28/29 October 2021 (time zone dependent) – Online

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This Conversation will look at psychedelic research currently being done including its benefits for psychedelic assisted therapy.

About this event

Cambridge Center for Adult Education presents Conversations on the Edge:

The Renaissance of Psychedelics: Mental Health and Self-Exploration

“After decades of demonization and criminalization, psychedelic drugs are on the cusp of entering mainstream psychiatry, with profound implications for a field that in recent decades has seen few pharmacological advancements for the treatment of mental disorders and addiction.” – The New York Times, May 9, 2021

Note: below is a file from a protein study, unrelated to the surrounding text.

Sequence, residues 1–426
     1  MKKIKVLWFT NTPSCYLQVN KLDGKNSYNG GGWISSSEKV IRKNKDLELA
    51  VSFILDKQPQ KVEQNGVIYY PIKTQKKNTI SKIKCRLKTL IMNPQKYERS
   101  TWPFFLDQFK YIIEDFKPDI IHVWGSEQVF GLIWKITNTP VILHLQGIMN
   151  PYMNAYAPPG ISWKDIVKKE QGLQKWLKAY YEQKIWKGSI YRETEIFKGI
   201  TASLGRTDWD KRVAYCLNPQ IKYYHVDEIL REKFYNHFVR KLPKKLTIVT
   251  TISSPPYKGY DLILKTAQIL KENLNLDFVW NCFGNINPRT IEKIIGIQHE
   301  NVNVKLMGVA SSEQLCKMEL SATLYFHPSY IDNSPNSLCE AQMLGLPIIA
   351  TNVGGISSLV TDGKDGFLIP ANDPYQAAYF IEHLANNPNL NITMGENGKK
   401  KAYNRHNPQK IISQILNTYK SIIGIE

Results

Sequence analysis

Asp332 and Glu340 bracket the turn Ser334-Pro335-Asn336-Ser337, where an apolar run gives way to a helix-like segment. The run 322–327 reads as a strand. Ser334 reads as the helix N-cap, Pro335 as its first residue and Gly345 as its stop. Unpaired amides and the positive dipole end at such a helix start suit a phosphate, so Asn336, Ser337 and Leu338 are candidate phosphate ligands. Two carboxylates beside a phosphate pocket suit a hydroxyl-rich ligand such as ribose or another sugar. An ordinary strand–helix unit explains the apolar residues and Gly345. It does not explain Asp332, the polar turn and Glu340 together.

It is a bright new world for psychedelics, once revered as the key to consciousness for the flower children of the Cultural Revolution, then outlawed as big pharma swooped in to corner and market opioid, antidepressant, mood-stabilizing, and antipsychotic drugs —to great effect and with massive profits. But now, convincing recent studies demonstrate that certain psychedelic substances can help relieve anxiety, depression, PTSD, addiction, and fear of death for the terminally ill. They can also be used in controlled environments to help individuals expand their very sense of being. State and city governments across the country are beginning to loosen restrictions on certain psychedelic drugs, the first step in what some hope will lead to the federal decriminalization of psychedelics for therapeutic and even recreational use. Our panel of distinguished guests will talk about their mission to make sure that these drugs are available to not only those suffering from mental illness, but for those who want to channel their use for personal growth. The panel will be led by our CCAE friend Anne St. Goar, who has witnessed the value of psychedelics in her treatment of PTSD patients.